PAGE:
Lasting effects of PTSD
First responders share stories leading up to mental health symposium
The effects of an emergency can last long after the lights and sirens are off, for not only those involved, but the first responders too.
The result is often post-traumatic stress disorder (PTSD), a mental health problem that develops after experiencing or witnessing something traumatic.
Breaking Barriers, a mental health support system, is hosting a mental health symposium for first responders in Summerside on Sept. 16 where responders can tell their stories, listen to others, and perhaps get the support and tools they need to cope.
Kent Cooke was a paramedic for 23 years, and for him, it was everything he has seen over his career that contributed to his PTSD. Attending to everything from cardiac arrests to motor vehicle accidents and industrial accidents, there isn’t much time to recharge after the call, said Cooke.
“We never have time to decompress; it all seems to build up. We get a call, drop a patient off, and we’re back out there.”
Having a support system is important to Cooke, and his wife is a big part of that.
First responders don’t always get the choice of leaving work at the office, often taking the stressful experiences home with them.
“It started to affect my home life. I didn’t want to go anywhere, not even to Christmas dinner with my wife’s family.”
Medication is a necessity for Cooke, taking eight to nine pills a night, he said.
However, it’s the one he doesn’t take that keeps him calm in a crowd.
He was recently diagnosed with anxiety and was prescribed Ativan.
“I haven’t taken one yet though; something about just the bottle being in my pocket helps.”
The bottle doesn’t keep away the sirens though. The lights and sirens bring it all back for Cooke. He has to pull his car over, turn the music up loud, close his eyes, and wait for it to pass.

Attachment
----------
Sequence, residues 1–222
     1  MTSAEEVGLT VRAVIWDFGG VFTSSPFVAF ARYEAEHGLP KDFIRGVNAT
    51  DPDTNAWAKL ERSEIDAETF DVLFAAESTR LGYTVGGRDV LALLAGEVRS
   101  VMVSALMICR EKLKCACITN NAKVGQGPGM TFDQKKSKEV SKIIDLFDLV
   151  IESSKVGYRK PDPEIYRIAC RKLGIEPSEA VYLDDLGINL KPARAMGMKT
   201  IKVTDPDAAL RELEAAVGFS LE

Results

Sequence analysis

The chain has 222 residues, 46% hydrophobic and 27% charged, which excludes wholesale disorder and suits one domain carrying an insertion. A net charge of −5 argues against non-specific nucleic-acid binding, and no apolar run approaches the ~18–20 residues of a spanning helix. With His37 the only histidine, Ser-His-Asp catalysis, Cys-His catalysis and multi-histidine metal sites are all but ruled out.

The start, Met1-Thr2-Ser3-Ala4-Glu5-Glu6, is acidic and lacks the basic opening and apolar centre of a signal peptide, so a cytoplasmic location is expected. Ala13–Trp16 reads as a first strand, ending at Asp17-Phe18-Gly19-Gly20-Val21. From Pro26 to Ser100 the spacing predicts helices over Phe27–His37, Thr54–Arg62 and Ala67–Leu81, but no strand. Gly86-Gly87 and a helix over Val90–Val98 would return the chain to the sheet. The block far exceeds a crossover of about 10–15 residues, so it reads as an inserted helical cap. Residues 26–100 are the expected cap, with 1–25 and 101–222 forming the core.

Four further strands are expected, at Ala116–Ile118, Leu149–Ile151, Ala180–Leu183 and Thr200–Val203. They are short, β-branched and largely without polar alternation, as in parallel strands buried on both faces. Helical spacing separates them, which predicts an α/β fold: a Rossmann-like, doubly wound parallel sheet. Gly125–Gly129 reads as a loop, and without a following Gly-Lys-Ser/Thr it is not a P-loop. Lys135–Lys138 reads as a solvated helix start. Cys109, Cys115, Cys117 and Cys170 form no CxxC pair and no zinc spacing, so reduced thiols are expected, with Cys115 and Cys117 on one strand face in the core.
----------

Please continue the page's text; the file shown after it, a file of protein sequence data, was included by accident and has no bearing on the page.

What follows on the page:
Relaxation is important to him. He cuts grass, reads, tends to his hobby farm, and colours to relax.
Julia Somers, a former paramedic, also tried colouring to relax her mind.
“It was so frustrating. Those adult colouring books are hard,” she added.
She was a volunteer firefighter for years and loved it, then took the next step to become a paramedic.
But being a firefighter and paramedic became too much for her, she admitted.
On her days off, she would be at the fire hall. There were no breaks.
She was a paramedic for only two years, and although her career with EMS was short, it wasn’t easy.
“It was a lot of small events in a short amount of time,” Somers said, describing the cause of her PTSD.
Although she has yet to be officially diagnosed due to a long waitlist and few resources, her doctor and therapist are treating her for PTSD.
Her large family support system and medication help a lot, she said.
Somers will be one of the speakers at the mental health symposium on Sept. 16 at the Loyalist Lakeview Resort in Summerside.
Events like this help a lot,
To anyone silently dealing with PTSD, both Cooke and Somers strongly urge speaking to someone about it, whether that is a colleague, friend or family member.
“There’s so much hope. I know it doesn’t feel like it when you’re in it, but I was in it and now I’m out,” said Somers.
Julia Somers, volunteer firefighter and former paramedic, will be one of the speakers at the Breaking Barriers mental health symposium coming up in Summerside.
Kent Cooke, former paramedic of 23 years will be one of many in attendance at the mental health symposium for first responders on Sept. 16.